Gap Inc. Is Launching New Ecommerce Menswear Brand After Seeing Success From Athleta

Hill City is a new apparel brand for men and will be available in mid-October

Hill City will entirely be sold online. Gap
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If you can’t buy a brand, might as well join them, right?

That’s the approach Gap Inc. is taking with the introduction of its new menswear line, Hill City. Debuting online only in mid-October, the new brand is Gap’s answer to devoting a new line for men who want both clothes that can slick away sweat while also keeping them stylish.

“The most consistent request within the Gap Inc. brands is a mid-performance menswear brand,” said Noah Palmer, general manager of Hill City. “Our solution is creating this versatile apparel that can take you in and do a lot of things for you.”

Hill City will consist of 50–60 items at launch, retailing between $80 and $150, with two-thirds of the total product line costing under $100. While consumers can expect to buy all items online, 50 Athleta stores across the country will showcase a small amount of the products, where they can try on the clothing. However, consumers will still need to complete their purchase online and ship it to their home. Hill City will also function as a certified B Corporation, meaning it will use sustainable practices to create products, like using renewable and recycled fibers.

The most innovative part of the brand, however, is its reinvented influencer program called “wear testers.” Starting Sept. 20, Hill City will ask consumers to apply to become a wear tester and try out their clothes, review them and provide the brand with valuable feedback. Wear testers will communicate with Hill City via chatbots on Facebook and direct messages on Twitter. In a beta version of the program, a common piece of feedback was the tightness of the waistband in the everyday chino. Palmer said the company took that into consideration and created a more flexible, stretchier waistband.

“I think that’s an example of a wear tester program that otherwise we wouldn’t have thought of,” Palmer said. “Our call to action is going to be: help us build this brand together—sign up to be a wear tester.”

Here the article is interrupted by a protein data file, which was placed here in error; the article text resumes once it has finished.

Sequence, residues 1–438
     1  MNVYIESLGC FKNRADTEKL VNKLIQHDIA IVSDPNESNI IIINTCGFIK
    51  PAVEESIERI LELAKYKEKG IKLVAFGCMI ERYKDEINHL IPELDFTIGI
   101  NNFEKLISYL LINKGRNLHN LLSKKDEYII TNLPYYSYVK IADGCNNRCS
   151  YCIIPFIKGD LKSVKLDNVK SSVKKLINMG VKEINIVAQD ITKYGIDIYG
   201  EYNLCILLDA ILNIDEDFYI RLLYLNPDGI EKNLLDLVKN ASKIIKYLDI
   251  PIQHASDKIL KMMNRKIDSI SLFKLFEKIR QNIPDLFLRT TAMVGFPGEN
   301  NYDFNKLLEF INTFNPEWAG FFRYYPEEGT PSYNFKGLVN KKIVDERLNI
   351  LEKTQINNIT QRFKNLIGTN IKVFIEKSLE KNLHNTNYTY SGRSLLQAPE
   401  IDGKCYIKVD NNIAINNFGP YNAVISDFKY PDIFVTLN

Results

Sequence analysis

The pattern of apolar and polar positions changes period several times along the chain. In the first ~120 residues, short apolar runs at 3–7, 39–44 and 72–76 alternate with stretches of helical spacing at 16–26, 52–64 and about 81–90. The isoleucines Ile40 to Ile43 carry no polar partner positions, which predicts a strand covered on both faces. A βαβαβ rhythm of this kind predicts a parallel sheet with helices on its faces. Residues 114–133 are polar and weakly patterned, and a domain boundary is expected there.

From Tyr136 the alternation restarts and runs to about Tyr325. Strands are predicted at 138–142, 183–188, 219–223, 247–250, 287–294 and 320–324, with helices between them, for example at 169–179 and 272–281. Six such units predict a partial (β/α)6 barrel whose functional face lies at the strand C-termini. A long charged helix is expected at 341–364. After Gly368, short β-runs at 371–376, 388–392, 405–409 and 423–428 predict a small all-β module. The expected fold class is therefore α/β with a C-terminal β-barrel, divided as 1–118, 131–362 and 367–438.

Eric Toda, director of marketing at Hill City, shared that working with consumers this way will bring them into the journey of the brand and, most importantly, create “advocates” for Hill City.

“Imagine what it would be like [if] we’re not building just for you to buy, but with you,” Toda said. “Every time you wear the product, you know you made the change.”

As a partial thank you to wear testers, Hill City lets them keep the clothes they try and will include a shout out to people who helped improve an item. However, feedback integration won’t necessarily be quick; Toda said consumers can expect to see changes from the wear tester program in the brand’s 2019 holiday season collection.

Hill City presents as a possible new era for Gap Inc., as it’s the company’s entryway into the men’s athleisure space. Gap Inc. has seen a similar success with women’s technical clothing in the Athleta brand; the latest round of quarterly earnings stated that Gap Inc. plans on focusing most of its new store openings on Athleta and Old Navy. Palmer said Hill City is a “direct response to the Gap Inc. strategy to grow its active business” and gives Hill City a chance to scale quickly using Gap Inc.’s supply chain and distribution capabilities—or do the opposite and “compartmentalize” easily.

Matt Kaden, managing director of MMG Advisors, a retail advisory firm, isn’t convinced that this will necessarily fill any gap that’s not being met in the market right now. With companies like Rhone, Ministry of Supply and Everlane, Kaden questions why Gap Inc. is creating a whole new brand instead of possibly acquiring a digitally native commerce company. This comes as Gap Inc. stock fell in August after the company missed expectations again.

“I wonder how much they’re going to have spend to build a new brand when they could’ve purchased a brand recently,” Kaden said. “I’d rather see them make [Old Navy, Gap and Banana Republic] exceptional again than introduce a new brand, which is potentially going to cannibalize both customers.”

As part of Hill City’s debut, the brand will apply its marketing spend toward digital channels like Facebook, Instagram and Twitter as well as sponsored Stories, Canvas, Dynamic Ads and Click-to-Messenger Ads to bring consumers to the wear tester chatbot. The marketing spend also includes a separate catalog and insert in the Athleta catalog, which will include content and be released quarterly.

“While the men’s marketplace is certainly competitive, Hill City delivers something we are not seeing: product that is versatile and that delivers on his needs across multiple activities, for all aspects of his life, whether that is training, work or the outdoors,” Palmer said. 

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@itstheannmarie Ann-Marie Alcántara is a tech reporter for Adweek, focusing on direct-to-consumer brands and ecommerce.
Publish date: September 20, 2018 © 2020 Adweek, LLC. - All Rights Reserved and NOT FOR REPRINT